Spotlight: Manure in Alberta
By Stephanie Gordon
On Tuesday, Nov. 5, 2019, Alberta Agriculture and Forestry hosted an online discussion about manure management, here are some highlights.
Trevor Wallace, nutrient management specialist, and Chris Ullman, agri-environmental specialist with Alberta Agriculture, were on hand to share information and answer any questions that came in.
Ullman spent more than a decade helping producers with manure management and in particular, focused on the province’s environmental legislation for the management of manure. Currently, all of the province’s regulations surrounding livestock operations, and even how to handle issues such as odor, dust, noise, among others, are listed with the Agricultural Operation Practices Act (AOPA).
Wet fall conditions
Wet fall conditions are not new for Alberta producers. In 2016 and 2018, parts of the province saw exceptionally wet conditions that delayed harvest. But wet conditions also delay manure application. This year, an early September snow and erratic fall weather put applications on hold. Laura Thygesen, agri-environmental extension coordinator with Alberta Agriculture, brought this up in the discussion by asking how should producers prepare for manure storage becoming an issue with harvest running long and snow already on the ground.
Ullman agreed that the late fall in 2019 is causing problems for producers who need to apply manure. He shared that a producer’s first best practice is to work with their Natural Resources Conservation Board (NRCB) inspector if they have a need to spread due to unusual weather conditions.
“Winter spreading is strongly discouraged but, may be authorized by the NRCB in exceptional circumstances,” Ullman wrote. He pointed producers to the NRCB’s fact sheet on applying manure on frozen or snow covered land, which also covers alternatives to spreading that producers can do instead.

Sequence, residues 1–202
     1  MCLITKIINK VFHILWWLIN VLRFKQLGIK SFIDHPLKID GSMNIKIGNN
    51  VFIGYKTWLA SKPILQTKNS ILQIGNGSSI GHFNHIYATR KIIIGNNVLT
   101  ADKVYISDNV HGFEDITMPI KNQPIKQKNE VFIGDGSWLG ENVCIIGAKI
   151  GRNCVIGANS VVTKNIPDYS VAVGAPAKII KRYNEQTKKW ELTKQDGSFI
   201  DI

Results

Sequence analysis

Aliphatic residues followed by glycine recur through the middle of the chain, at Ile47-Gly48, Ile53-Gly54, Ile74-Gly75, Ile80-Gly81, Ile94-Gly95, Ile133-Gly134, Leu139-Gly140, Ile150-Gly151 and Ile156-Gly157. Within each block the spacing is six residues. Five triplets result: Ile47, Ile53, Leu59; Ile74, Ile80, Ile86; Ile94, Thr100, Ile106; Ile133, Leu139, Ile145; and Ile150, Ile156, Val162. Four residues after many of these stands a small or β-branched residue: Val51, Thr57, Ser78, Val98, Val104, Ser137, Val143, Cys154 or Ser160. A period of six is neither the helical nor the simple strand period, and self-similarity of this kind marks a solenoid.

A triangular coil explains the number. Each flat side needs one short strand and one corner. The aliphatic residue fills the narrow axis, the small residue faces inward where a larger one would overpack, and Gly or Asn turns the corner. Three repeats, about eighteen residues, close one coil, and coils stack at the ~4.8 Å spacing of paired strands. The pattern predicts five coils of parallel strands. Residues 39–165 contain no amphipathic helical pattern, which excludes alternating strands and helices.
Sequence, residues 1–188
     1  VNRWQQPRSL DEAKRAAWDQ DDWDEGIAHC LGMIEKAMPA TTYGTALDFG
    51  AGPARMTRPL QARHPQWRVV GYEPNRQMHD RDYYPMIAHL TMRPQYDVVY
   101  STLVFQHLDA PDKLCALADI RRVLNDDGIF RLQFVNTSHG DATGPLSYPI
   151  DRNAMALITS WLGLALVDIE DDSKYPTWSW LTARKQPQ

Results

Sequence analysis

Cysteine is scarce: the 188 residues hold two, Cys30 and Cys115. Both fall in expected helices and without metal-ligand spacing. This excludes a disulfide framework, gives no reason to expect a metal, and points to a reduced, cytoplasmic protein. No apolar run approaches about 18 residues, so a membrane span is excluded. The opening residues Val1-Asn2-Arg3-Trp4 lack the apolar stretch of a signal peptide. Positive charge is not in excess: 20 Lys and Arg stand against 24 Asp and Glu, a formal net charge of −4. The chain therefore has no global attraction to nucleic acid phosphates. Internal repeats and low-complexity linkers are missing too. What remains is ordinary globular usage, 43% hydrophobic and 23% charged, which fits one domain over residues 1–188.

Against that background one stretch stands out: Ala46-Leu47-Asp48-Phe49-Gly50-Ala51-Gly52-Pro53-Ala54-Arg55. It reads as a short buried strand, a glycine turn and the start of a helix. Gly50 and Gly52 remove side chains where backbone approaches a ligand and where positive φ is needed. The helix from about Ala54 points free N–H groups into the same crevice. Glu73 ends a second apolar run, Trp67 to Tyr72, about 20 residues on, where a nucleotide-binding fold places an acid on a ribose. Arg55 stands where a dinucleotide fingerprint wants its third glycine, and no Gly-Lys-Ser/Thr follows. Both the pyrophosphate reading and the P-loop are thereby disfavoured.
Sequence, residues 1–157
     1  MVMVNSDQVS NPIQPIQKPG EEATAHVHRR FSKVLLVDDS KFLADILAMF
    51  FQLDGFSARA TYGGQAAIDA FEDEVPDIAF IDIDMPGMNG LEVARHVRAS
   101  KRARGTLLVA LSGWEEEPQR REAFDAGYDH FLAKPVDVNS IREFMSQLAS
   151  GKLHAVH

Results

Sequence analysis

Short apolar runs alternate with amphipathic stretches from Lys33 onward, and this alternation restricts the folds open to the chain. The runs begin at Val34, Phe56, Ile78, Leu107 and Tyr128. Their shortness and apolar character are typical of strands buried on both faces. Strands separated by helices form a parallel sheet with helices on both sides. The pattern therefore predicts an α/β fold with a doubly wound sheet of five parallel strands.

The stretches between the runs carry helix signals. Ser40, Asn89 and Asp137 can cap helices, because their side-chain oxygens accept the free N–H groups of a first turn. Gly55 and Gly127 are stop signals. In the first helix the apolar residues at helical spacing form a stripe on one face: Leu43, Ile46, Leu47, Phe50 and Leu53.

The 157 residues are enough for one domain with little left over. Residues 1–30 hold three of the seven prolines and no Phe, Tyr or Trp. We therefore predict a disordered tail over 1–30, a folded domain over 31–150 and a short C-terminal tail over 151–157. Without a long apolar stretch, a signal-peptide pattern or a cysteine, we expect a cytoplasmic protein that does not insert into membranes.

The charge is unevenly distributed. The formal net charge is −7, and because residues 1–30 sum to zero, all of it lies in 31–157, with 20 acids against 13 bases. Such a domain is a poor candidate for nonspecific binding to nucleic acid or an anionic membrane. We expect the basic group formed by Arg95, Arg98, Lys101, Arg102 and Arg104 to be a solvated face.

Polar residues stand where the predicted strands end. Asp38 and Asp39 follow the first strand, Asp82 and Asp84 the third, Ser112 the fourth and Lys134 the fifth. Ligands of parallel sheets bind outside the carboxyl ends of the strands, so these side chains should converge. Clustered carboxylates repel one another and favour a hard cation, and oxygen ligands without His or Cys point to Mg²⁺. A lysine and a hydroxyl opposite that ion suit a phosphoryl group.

“The other option for producers with solid manure is to stock pile manure in the field under the ‘short-term solid manure storage’ provisions of the AOPA [legislation],” Ullman added. “They will need to choose [planning] sites that meet regulations for setbacks to neighbor’s common bodies of water and avoid areas that flood or have a high ground water table.”
For short-term manure storage, there is a time limit on how long it can stay in one spot before it needs to be spread. The AOPA allows manure to be stored in the field for seven months one time in three years and also regulates where these “short-term solid manure storages” may be located. Ullman wrote that, “This means that you could plan a four-year rotation in your stockpile sites and pick locations that meet (or exceed) the required distances to neighbours, water sources, flood plains and depth to ground water.” While location is important, he also added that, “The slope at the location is important too, because setbacks to water are greater where the land slopes towards that water.”
ManureTracker is an Alberta-based manure record keeping mobile application that can help producers transition from paper records. The app allows others from the farm to be added to an account to help with record keeping. There is also the option for a producer to print manure records if the NRCB requests them. As for best practices, Ullman wrote that a good start would be to enter all land, storage areas and production pieces before entering any transfers or spreading info. “As well, if your commercial applicator has the ManureTracker app you can use it to request manure application and help coordinate your record keeping,” Ullman added.
Finally the discussion wrapped up with a focus on safety particularly around manure storage. “Safety around manure storage is a very important issue. Concerns about manure gasses, confined spaces and drowning are worth your time to consider and carefully plan to protect yourself, your family and your employees,” Ullman wrote.
Producers were directed to the Livestock and Poultry Environmental Learning Community (LPELC) as a resource for manure storage and safety issues.